A root canal is a major procedure, so pain after a root canal is normal. A root canal involves deep cleaning inside the canals (the inner chamber of the root) of your tooth, which can in turn irritate surrounding nerves and gums.
The pain shouldn’t last forever. In fact, a root canal is meant to help you avoid pain related to a decaying or fractured tooth. It’s normal to experience mild to moderate pain for a few days after a root canal. Any pain beyond this point may warrant additional cleaning of the canals or other procedures.
Initial recovery period
In the past, root canals were extremely painful. This is one reason why people sometimes avoided such procedures. Dentists now have pain-relieving measures that can be used to reduce the amount of pain you experience during the procedure.
Before the process begins, dentist will apply a local anesthetic that minimizes pain. You might still feel pressure during the cleaning, but you shouldn’t be in pain during the actual procedure.
As the local anesthetic wears off after the root canal, you might experience mild pain and sensitivity. This is related to the cleaning process. During the cleaning process, your dentist makes a small opening in the crown of the tooth and cleans out diseased pulp inside the pulp chamber of the tooth. While uncomfortable, any pain and sensitivity following a root canal should only last a few days.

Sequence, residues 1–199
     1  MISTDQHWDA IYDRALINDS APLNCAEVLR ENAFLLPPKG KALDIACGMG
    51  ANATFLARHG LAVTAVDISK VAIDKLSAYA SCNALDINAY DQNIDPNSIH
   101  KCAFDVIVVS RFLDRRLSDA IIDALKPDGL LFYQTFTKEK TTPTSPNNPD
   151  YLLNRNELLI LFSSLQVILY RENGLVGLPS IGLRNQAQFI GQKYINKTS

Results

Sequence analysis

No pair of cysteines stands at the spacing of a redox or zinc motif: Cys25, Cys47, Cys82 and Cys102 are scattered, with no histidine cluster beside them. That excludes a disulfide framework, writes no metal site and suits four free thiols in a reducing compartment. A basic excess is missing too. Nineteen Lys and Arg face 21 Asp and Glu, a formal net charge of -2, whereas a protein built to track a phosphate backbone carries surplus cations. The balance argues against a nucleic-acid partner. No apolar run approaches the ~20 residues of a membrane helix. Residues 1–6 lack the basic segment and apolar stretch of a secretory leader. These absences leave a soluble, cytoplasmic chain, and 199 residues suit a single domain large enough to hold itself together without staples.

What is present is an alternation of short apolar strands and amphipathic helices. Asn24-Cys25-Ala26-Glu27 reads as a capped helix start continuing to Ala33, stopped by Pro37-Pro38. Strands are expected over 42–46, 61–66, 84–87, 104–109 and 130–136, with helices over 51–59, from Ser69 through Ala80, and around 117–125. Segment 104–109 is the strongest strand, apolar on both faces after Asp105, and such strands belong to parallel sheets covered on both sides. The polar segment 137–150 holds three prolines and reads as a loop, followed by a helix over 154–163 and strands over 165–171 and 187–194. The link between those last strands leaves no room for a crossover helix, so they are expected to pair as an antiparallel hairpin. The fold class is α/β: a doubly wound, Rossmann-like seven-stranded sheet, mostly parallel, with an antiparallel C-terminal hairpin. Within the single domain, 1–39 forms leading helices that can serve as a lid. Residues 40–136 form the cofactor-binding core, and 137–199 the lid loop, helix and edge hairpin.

Since the pain experienced after a root canal is usually mild, you’ll likely only need over-the-counter pain medications for relief.
You should also avoid chewing hard foods immediately following the root canal, as this can induce more pain.
When to seek help
Root canal pain should decrease over time. If you still experience pain or swelling, you should see your dentist. Most people need one to two sessions for a root canal to be successful. In severe cases, you may need more cleaning sessions.
Recurring pain could be an indicator of this.Your symptoms should ease up if you’re taking any over-the-counter pain medications. If they don’t, your doctor may recommend prescription-strength ibuprofen or narcotic pain relievers. These are only taken on a temporary basis.
Once your tooth is completely treated, your dentist may put a crown on top of it. These can be made of metal, porcelain, or gold. The idea here is to prevent future damage to an already delicate tooth. Sometimes pain is a temporary side effect as you get used to a newly placed crown.
Pain beyond a root canal should be addressed with your dentist. Beyond taking medications temporarily, there are other things you can do to manage pain from a root canal.
Taking care of your teeth is a must, and you should avoid hard and crunchy foods until your pain improves. Quitting smoking can also help.